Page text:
The family that skates together
In a manner similar to that of many of Martha's Vineyard's special pursuits and interests, figure skating is an activity that involves not only the participants, but also the family. And the families combine to form a community centered around ice-skating - performing, competing, and learning.
"We signed up for 'Learn to Skate,' and my daughter just loved it. I knew nothing about skating, but I stayed and watched," says Jeanne Ogden, a board member of Martha's Vineyard Figure Skating Club (MVFSC). The board is made up completely of parents, and relies on their participation to keep it running. "Now the girls get up to go skate before school starts. It's a passion. It takes a lot of discipline and it's a commitment from both parents and kids, but it pays off."
Beth Blankenship-O'Connor has been involved with skating for 25 years, and skated at the arena since it was an outdoor skating facility. "I went to one of the annual ice shows when I was young and begged for lessons and finally I got them," she recalls. "I just wanted to skate more and more and more. When I was growing up it was a big focus in my life. There was school and skating. The kids all like skating, and some of them love it."
"It's my third year running the program and I think this will be a great year," says Ms. Blankenship-O'Connor. "These days there are so many activities on Martha's Vineyard that many are having trouble bringing kids in, and I think we're doing pretty well.
For more than 20 years the club has relied on the fundraising of volunteers to keep ice open to its members, but there is no question in the minds of the board members that their efforts are worth it.
About renting ice time at the Martha's Vineyard Arena for the MVFSC, Ms. Ogden says, "We do a lot to keep the costs down," and explains that the MVFSC is a nonprofit organization, and every year it raises $30,000 so that the young skaters who make up its ranks can have regular ice time.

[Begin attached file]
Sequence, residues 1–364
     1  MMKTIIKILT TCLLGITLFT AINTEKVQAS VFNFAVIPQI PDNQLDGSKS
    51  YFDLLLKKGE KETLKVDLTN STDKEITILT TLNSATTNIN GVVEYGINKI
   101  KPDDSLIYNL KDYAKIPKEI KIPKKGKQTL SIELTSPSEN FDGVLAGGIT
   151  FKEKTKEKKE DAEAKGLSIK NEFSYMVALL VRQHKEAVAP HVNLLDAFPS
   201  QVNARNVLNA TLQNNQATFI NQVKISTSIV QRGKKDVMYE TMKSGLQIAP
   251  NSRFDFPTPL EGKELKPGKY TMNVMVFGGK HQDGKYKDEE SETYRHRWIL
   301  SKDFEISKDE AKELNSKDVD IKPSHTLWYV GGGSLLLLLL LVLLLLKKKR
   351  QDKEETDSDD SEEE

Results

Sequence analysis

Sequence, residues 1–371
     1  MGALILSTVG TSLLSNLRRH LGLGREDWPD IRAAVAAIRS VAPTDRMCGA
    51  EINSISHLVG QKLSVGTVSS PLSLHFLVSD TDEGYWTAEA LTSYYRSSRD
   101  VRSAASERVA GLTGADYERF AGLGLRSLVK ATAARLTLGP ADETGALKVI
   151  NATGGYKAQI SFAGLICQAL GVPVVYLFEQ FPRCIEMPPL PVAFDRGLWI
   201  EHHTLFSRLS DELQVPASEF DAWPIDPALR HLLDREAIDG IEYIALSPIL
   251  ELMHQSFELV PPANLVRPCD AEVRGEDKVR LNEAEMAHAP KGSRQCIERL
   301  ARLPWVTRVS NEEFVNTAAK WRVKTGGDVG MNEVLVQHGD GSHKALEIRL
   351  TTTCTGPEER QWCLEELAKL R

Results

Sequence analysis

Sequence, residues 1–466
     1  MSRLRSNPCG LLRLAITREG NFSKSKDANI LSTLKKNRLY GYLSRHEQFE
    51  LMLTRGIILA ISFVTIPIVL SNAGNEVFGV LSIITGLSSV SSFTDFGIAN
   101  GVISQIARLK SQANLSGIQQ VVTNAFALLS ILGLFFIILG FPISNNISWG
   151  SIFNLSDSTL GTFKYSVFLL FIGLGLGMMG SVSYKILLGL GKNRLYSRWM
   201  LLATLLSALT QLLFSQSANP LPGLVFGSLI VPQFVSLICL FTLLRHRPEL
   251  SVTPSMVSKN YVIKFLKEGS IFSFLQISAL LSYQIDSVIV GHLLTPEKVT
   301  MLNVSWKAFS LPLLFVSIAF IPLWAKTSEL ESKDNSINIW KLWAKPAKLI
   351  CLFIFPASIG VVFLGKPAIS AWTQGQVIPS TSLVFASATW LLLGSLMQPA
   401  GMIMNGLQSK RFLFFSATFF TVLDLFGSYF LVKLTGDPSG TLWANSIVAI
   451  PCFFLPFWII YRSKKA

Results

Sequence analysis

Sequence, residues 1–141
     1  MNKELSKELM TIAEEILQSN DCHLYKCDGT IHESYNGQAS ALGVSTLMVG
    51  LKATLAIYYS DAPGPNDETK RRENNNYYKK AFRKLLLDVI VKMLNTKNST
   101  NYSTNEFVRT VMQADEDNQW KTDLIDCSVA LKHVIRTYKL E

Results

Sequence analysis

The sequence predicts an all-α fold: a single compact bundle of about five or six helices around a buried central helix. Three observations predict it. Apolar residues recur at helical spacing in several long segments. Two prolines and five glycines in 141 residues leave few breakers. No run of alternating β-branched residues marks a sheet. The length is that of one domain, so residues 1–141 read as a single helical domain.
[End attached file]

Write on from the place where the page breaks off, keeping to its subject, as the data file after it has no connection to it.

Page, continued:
The MVFSC is divided in levels, starting in the "Learn to Skate" program, which focuses on teaching basic forward and backward skating and the turns, stops and crossovers that make up the rudiments of skating. After the skaters master the basics, they move on to the bridge program, which has three girls per coach for a half-hour lesson followed by an hour of free skate.
The speed of advancement is individually based. "The degree to which figure skating is a full-time sport really depends on the skater. We have a wide range. Some just want to learn a bit, others want to compete. The girls set their goals themselves," says Ms. Blankenship-O'Connor.
Skaters who decide to stay with skating eventually move into the freestyle program where they have private lessons with their own coach. In the freestyle program the coach has the skater focus on constructing a program that has a routine set to music that he or she performs at competitions. "The freestyle level goes off to competitions all over Massachusetts," says board member and parent Lara Dario. "The girls really like competing, getting medals and dressing up. It's as competitive as they want to make it."
And more than competition, it is a passion. The discipline demonstrated is impressive, skaters sometimes going off-Island to use the Falmouth Ice Arena during the three months of the year when the Martha's Vineyard Arena is closed for maintenance.
"I think that a lot of times girls grow less committed as they grow older simply because they find other things they want to do, but especially for eight- to twelve-year-olds figure skating is their life," says Ms. Dario. "My daughter chooses to skate two mornings a week before school, two afternoons after school, and she started ballet because she wants to make her skating better."
Though there are currently no boys at the freestyle level, they are always welcome, and there are a fair number of boys in the "Learn to Skate" program. The program has also been free for preschoolers for the last two years, something made possible by parental participation.
"Parents certainly do have to participate, but skating probably takes a similar amount of a parent's time and energy as other activities that kids can be part of such as soccer or dance," says Ms. Ogden. "The more parents that get involved the better the club is."
"Those of us on the board are all really good friends," says Ms. Dario. "When you have kids that skate you spend a lot time at the rink, so as the girls become friends the parents meet and become friends as well. We all stay together when the girls go off to competitions together. It's a very close community."